On the Mark: What is left of the ATV park?

MARK STRAIN

Every parcel of land has a value and all kinds of variables are factored into the valuations. When thinking about a purchase, if you compare land values set by professional appraisers to the asking price, hopefully what you pay will be no more than what the appraised value is…or even better it is less, which means you are walking away with what might be considered a good deal. Pretty straight forward.

It only becomes confusing when government is involved, either as the purchaser or as the seller. Recently the finalization of the local ATV (all-terrain vehicle) park was settled for a value that was supposed to represent what the land was worth that was to be supplied from a state agency to the county. Turns out the value Collier County is receiving as a payoff for the land involved is far below other land prices paid by Collier for rural properties.

With the lack of notice on the discussion of this item it is unclear why are we accepting so much less. Commissioners Georgia Hiller and Tom Henning voted against this unscheduled and inappropriate settlement proposal.

Pledging land for an ATV park started nearly a decade ago when the South Florida Water Management District (SFWMD) began assuming control of what is known as the “South Blocks” of Golden Gate Estates, basically that area south of Interstate 75 as you head east to Miami (aka, south of Alligator Alley). At the time there were thousands of large and small land owners in the area, some rustic home sites and a myriad of roads and canals. It was to be eventually developed in a manner typical to the huge Golden Gate subdivision.

That all changed when it was decided this land was more valuable as a restored watershed area to be used for recharging our aquifers as it had previously served before being dredged and drained for home sites. Under a massive buy-out program the government slowly began purchasing the area, including the road system.

Because the area was still sparsely settled, lots with improvements were few in number and the area was heavily used by ATV enthusiasts. Right or wrong, it became a popular spot for many residents to cut loose and have fun. In the buy-out of the county’s rights in this area and the closing of other areas frequented by ATV’s, the SFWMD committed to providing an alternative ATV land use area somewhere in Collier County. The road system in the south blocks was estimated as a $38 million initial value to Collier County with a depreciated value of $17 million.

Of course SFWMD would not acknowledge this value and simply said they would find contiguous ATV property of about 1 square mile (640 acres of land) to offset the loss ATV enthusiasts faced when the area was purchased for restoration (restoration and ATV uses are not the most compatible).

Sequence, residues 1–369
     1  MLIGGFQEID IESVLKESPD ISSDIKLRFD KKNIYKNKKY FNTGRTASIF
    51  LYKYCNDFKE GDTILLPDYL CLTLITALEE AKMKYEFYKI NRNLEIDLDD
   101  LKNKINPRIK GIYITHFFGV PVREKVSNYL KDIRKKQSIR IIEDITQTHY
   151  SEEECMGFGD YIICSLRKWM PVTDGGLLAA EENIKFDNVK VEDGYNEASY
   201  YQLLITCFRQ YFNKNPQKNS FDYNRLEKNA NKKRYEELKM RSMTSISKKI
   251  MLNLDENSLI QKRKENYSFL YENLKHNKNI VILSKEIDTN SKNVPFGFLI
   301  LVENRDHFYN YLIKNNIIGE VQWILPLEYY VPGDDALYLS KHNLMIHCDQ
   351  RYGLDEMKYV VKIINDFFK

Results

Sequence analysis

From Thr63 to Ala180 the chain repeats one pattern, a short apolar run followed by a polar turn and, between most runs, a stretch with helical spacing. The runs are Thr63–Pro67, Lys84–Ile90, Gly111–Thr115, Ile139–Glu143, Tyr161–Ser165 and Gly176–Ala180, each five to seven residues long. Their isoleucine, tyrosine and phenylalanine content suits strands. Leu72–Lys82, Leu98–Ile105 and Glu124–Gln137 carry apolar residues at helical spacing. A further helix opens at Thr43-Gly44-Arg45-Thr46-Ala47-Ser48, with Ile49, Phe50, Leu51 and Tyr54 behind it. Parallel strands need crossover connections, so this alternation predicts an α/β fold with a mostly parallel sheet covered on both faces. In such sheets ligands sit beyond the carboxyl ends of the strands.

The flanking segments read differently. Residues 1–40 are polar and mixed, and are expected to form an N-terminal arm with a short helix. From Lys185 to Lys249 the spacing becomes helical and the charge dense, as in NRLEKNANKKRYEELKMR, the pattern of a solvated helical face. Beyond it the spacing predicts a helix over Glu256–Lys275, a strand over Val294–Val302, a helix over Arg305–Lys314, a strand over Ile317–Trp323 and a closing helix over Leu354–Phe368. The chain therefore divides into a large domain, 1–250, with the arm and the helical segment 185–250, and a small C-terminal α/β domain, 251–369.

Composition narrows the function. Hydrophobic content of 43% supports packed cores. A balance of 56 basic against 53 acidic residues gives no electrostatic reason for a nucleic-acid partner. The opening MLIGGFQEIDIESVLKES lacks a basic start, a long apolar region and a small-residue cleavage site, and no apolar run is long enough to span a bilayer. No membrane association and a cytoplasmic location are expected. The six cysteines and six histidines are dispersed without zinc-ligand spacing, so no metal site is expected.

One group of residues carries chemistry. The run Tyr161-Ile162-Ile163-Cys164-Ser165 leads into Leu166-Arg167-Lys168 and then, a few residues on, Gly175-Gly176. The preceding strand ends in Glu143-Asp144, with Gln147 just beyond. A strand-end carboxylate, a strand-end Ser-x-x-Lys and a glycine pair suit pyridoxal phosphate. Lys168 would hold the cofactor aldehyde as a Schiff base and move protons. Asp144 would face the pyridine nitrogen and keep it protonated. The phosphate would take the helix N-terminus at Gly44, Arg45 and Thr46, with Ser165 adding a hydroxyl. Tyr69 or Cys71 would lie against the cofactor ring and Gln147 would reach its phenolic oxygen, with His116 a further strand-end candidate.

For the past 8 years neither SFWMD nor the county has been successful in finding an acceptable ATV site. Sites have been proposed, but each was rejected for its own set of problems. The value that was to be spent on a new site was estimated by some politicians as around $12.9 million which was considered to be a fair settlement for the county’s sale of their interests in the south blocks.

Last week under general comments, and unannounced on the agenda, the commission voted to settle the ATV land purchase with SFWMD for a mere $3 million (or just under $4,700 per acre).

The land purchased for ATV use needed to be primarily uplands and have minimal environmental value, a condition that also mirrors what is generally considered land with development potential and thus not the least expensive land. Yet by settling for this paltry amount, the county has accepted a value far less than the value the county has previously accepted as land values for such issues as rural road rights-of-way in agricultural areas ($50,000 per acre) and what was paid for the Pepper Ranch (average about $13,000 per acre with the lowest being preservation acreage of just under $10,000 per acre and the highest at $25,000 per acre) some of which was stripped of its development rights before we purchased it.

There are 195,000 acres of land in Collier County’s most rural areas. Of that, depending on whose numbers you use, there is somewhere up to 93,800 acres of actual agricultural with some of that in less intense uses then row crops. Most of this is owned by a dozen or so large land owners. Much of the 93,800 acres would be of minimal environmental value and some of it potentially useable as ATV sites.

The commissioners who voted for this ATV settlement are the same who have consistently voted to support the larger land owners in the rural area. You would think that acquiring a mere 640 acres of land from land owners who have consistently benefitted from the actions of Collier County would have been probable under such circumstances.

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